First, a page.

I remember the moment Christ revealed to me that my life isn’t about me. I was praying on my floor and unexpectedly had this deep conviction that my life is about Christ, and that my entire existence and all my striving is to serve him and allow him to live in and through me. It was deeply exhilarating, but also deeply humbling. He showed me his centrality in all things, and that everything I do is to further his kingdom, not mine. If I succeed, then by the grace of God he has purposed it to further reveal the love and power of Christ. Yet my motivations are not always Christ-honoring, but are blasphemous and futile, leading to a self-collapsing empire of pride. All too often, my heart gravitates in this direction. I want recognition. I want my name to be dropped at social functions and a life that is admired by followers. I want success that points to me, not Christ.
At our recent New Wine, New Wineskins retreat, Dr. Metzger discussed the theme of entitlement in light of Martin Luther King Jr.’s life. In King’s 1968 “Drum Major Instinct” speech, he speaks of our inherent desire to be “drum major(s)”. All of us desire to “lead the parade”, he says, to feel superior. The profound thing about his life though, is that he subverted this desire to lead the parade in the name of love, truth and justice. He submitted it to the Father’s- not his- will. As he says, our innate desire to lead and for recognition is not in and of itself evil. What is evil is when we fail to understand why and how we are to lead, in whose name we are to lead, and for whose kingdom.
King references Mark 10:35, where James and John requested to sit on Jesus’ right and left side, once he is King of Israel. They wanted recognition. They felt entitled to share in his wealth. His response? To be great, give your life as a servant. And this is Jesus, a man who, as discussed further in MLK’s speech, never added up to anything in the world’s eyes. No possessions, never traveled anywhere impressive, had no college education, no published work, no awards, no family. I can only imagine what a dinner conversation would be like with him sitting amongst a host of doctors, professors and lawyers. He was killed out of mockery and deep unpopularity. Upon his last breath, onlookers only gambled for his clothes, and he was buried in a borrowed tomb.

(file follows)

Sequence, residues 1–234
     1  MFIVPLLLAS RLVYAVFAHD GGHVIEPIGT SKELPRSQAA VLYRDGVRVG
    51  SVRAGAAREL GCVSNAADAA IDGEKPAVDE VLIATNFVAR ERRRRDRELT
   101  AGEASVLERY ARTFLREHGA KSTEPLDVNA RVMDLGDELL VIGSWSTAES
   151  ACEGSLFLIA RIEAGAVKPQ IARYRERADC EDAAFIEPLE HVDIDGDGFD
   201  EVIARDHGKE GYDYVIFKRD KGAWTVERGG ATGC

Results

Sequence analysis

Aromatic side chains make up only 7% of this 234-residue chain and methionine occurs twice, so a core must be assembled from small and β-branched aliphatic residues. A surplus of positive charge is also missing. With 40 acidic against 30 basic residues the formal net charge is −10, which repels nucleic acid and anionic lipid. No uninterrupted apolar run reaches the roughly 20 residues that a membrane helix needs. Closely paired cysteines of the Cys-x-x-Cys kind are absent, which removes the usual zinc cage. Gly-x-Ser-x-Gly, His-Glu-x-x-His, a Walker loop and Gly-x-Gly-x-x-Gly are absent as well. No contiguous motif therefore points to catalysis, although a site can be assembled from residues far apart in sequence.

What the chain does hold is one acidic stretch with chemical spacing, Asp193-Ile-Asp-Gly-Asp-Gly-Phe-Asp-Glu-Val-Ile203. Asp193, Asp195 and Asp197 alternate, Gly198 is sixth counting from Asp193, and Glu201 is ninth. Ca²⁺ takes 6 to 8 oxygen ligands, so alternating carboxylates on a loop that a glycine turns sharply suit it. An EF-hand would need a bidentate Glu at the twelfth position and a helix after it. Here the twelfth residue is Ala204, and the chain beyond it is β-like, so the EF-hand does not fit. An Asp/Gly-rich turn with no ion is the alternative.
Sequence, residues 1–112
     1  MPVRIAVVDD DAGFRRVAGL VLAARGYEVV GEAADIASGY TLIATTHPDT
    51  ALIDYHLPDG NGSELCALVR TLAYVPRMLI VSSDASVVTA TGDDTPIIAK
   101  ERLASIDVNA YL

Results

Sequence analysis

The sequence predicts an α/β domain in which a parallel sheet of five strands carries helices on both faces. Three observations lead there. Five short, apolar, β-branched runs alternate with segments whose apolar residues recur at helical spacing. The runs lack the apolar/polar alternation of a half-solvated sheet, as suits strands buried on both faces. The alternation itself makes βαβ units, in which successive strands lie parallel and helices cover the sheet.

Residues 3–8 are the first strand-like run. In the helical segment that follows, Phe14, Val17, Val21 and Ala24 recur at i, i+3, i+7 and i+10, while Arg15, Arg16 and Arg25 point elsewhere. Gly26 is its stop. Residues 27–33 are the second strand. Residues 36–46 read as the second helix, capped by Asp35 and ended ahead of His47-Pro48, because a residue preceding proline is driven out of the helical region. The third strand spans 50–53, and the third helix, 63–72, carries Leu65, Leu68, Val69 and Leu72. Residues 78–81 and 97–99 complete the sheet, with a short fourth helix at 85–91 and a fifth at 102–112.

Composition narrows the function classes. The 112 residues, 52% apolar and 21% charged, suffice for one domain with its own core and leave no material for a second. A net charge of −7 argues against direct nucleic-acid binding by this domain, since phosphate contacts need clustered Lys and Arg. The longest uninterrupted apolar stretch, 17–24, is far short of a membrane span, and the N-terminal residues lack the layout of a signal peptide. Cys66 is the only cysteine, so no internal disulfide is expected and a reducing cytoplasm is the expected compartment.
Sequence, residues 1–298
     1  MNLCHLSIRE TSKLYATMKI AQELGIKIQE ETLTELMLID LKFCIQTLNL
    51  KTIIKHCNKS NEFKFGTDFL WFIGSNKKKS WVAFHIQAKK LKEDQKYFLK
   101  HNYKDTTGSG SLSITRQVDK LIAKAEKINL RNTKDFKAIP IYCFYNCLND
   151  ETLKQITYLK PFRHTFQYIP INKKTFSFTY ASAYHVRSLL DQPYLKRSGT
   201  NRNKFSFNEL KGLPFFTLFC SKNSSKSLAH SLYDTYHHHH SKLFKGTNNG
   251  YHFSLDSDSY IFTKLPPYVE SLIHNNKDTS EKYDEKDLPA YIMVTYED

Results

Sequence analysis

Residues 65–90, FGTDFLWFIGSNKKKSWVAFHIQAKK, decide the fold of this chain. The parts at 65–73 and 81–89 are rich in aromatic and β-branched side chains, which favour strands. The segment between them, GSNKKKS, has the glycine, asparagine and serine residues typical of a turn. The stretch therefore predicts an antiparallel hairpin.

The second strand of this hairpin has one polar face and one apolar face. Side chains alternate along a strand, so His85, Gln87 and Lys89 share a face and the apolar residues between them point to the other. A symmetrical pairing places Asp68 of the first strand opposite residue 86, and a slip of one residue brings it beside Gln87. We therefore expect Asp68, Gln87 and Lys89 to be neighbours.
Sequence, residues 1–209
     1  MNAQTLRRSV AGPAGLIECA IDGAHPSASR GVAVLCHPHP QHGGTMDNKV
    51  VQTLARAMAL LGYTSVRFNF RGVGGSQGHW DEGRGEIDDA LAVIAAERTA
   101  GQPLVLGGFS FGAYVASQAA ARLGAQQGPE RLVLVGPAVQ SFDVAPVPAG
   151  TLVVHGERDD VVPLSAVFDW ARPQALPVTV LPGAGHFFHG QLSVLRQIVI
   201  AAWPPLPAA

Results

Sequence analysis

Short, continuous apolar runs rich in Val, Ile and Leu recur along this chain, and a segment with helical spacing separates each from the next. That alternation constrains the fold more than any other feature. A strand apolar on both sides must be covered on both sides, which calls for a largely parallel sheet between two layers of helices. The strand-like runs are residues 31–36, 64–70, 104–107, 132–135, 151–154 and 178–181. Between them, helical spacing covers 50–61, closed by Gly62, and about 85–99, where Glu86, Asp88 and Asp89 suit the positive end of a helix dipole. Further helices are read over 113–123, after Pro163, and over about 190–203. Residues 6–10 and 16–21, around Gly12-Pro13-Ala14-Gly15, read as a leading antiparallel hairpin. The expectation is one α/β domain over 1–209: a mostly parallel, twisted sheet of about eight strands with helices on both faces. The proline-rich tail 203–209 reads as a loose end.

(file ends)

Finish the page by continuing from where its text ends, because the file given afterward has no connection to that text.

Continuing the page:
I am deeply humbled when I think about our Lord’s life. And I have the audacity to compare myself to others. To want more. But this is not the way our Lord lived. He humbled himself to the lowest ranks possible, and never did he say, “I may look shabby now, but you just wait. One day, I will conquer the world and you will be sorry.” Jesus’ response was and is a message of patience, of love, of grace, a message that always points to his Father. To the world, he was as significant as the man we pass on the street corner. Forgettable. Laughable. And this was and is our Lord who breaks down barriers of hate with love, and who in Him alone we are purified and reconciled to the Father for eternity.
What about MLK Jr.’s motivation? Power? Recognition? A killer eulogy? An impressive epitaph? His passion and imagination did not stop with him. He didn’t want recognition to sleep better at night. Ironically, his recognition served to do the opposite: put his life and family in danger. He wanted freedom for all people and to ultimately do God’s will–regardless of whether or not he reaped any of the benefits. This is what Jesus was explaining to his disciples. Do not do it for what you gain; do it because love is more powerful than status. It’s sobering to realize that in so many ways I long for center stage and my own victory, and I allow this desire to shape my voice as a believer. I am humbled to realize that it is only Christ in me who can reconcile, who can love, and who can transform hearts and structures. I pray that the church can learn from King’s life, and re-new her vow to serve the world in Christ’s humility and further his kingdom, not her own.